Telegraph war correspondent dies age 96
Edmund Townshend, who worked as a war correspondent for The Daily Telegraph during World War II, has died aged 96. On his first ever flight in an aircraft, during the Battle of Arhem, he was shot down and had to bail out. He went on to cover the D-Day landings,
On the morning of D-Day Townshend was in a troopship in the Strait of Dover, watching a ship astern take a direct hit which cost 20 lives. When he looked from the bridge at a clock tower on land to check the time for his dispatch, he saw a shell from a British battleship neatly remove it.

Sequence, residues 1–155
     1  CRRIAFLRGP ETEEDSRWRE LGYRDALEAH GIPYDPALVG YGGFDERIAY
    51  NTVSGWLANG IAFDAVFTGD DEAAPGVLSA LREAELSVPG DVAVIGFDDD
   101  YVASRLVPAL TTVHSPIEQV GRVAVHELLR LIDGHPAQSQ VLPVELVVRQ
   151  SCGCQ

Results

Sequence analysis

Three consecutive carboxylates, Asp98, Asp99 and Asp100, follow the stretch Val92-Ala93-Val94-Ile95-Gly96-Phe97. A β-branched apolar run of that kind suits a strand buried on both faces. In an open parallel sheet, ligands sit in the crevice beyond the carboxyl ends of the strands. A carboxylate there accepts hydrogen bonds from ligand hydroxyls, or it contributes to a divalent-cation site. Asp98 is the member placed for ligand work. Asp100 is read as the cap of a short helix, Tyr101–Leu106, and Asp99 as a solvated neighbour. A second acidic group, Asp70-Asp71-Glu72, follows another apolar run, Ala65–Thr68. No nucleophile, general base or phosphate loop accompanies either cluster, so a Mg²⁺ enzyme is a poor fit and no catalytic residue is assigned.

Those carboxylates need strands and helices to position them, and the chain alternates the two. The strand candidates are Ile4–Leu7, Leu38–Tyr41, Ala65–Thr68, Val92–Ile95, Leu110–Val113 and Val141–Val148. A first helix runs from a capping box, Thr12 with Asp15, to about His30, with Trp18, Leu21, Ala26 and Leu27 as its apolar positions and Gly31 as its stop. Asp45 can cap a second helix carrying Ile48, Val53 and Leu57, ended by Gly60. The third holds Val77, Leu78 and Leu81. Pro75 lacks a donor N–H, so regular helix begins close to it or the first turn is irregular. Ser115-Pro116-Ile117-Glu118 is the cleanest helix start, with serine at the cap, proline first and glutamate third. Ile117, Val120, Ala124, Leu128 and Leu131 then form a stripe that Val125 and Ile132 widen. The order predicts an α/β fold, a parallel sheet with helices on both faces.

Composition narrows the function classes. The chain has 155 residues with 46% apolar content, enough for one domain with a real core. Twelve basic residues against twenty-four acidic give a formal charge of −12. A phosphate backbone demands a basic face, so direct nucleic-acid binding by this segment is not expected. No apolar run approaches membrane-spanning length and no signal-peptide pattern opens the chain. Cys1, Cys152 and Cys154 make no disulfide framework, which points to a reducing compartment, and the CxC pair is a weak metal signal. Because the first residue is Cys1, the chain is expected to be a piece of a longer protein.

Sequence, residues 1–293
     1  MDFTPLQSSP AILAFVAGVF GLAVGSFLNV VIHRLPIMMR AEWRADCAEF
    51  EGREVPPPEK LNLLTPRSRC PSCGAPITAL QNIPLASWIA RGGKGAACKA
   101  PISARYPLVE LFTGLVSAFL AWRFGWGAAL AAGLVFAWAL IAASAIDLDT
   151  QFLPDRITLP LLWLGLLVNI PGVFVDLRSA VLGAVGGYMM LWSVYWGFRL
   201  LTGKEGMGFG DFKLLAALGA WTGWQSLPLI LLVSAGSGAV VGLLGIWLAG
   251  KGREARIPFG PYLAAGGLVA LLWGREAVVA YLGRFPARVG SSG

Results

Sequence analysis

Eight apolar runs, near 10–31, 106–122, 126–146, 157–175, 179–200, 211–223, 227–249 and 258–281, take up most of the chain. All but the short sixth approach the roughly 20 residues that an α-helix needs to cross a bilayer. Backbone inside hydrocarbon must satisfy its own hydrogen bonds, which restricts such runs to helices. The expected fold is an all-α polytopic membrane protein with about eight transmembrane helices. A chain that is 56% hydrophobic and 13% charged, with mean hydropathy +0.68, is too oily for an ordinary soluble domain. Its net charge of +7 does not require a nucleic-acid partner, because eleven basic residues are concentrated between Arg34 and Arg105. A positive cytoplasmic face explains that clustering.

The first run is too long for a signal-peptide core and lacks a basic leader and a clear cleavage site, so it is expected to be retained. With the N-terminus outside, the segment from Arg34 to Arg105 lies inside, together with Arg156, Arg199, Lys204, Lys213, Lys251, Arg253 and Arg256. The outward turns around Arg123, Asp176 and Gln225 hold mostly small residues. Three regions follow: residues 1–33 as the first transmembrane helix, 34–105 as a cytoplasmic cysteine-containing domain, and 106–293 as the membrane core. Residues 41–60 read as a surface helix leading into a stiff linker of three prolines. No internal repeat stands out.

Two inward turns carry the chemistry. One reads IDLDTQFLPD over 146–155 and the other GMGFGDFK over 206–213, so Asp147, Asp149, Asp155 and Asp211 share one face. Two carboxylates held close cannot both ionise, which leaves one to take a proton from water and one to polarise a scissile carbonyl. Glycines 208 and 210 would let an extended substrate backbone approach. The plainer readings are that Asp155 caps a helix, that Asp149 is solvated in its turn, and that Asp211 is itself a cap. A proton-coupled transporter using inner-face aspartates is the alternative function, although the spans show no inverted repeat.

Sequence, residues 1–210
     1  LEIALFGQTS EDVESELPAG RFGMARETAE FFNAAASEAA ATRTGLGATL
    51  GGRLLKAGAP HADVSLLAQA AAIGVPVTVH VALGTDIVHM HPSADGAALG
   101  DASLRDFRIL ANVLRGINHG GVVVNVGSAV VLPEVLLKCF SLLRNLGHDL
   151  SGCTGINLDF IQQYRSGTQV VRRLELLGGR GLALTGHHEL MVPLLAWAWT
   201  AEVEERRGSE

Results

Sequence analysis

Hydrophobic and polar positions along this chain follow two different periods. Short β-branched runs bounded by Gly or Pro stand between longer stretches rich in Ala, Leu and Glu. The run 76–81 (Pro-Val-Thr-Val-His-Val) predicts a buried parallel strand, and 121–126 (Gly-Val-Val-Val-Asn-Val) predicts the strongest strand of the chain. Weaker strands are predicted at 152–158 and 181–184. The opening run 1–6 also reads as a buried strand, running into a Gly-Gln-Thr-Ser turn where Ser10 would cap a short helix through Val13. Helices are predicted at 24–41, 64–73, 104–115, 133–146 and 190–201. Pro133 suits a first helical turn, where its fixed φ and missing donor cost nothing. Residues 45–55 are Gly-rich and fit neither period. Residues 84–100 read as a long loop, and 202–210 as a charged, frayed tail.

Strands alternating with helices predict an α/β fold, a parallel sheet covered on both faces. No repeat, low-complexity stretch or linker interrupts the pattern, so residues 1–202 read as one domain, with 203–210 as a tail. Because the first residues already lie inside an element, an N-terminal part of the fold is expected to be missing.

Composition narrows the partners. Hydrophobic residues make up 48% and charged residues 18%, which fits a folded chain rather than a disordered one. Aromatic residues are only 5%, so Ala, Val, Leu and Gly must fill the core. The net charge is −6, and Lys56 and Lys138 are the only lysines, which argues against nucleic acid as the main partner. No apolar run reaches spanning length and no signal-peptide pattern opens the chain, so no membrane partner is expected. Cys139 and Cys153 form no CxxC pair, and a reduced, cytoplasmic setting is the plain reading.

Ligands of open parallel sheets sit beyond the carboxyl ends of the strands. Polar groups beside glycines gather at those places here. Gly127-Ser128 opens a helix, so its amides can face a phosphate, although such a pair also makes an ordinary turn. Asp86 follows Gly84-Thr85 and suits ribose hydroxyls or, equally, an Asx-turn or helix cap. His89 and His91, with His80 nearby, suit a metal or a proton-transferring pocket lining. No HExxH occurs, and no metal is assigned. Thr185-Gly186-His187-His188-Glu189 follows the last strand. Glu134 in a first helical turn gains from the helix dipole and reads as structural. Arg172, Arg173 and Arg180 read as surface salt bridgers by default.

Later, in another ship, which was loaded with 800 tons of high-explosive ammunition, the chief officer observed: “One enemy shell into this lot and you won’t know where to look for your typewriter.”
In November Townshend was the sole British correspondent in a Royal Marine landing craft in the assault on Westkapelle, Walcheren Island, near Antwerp.
He helped to haul wounded survivors out of the sea, and veterans told him that the opposition was fiercer than at Dieppe. His night editor, however, toned down his prose: “Too much blood and guts. Might upset the readers at breakfast.” link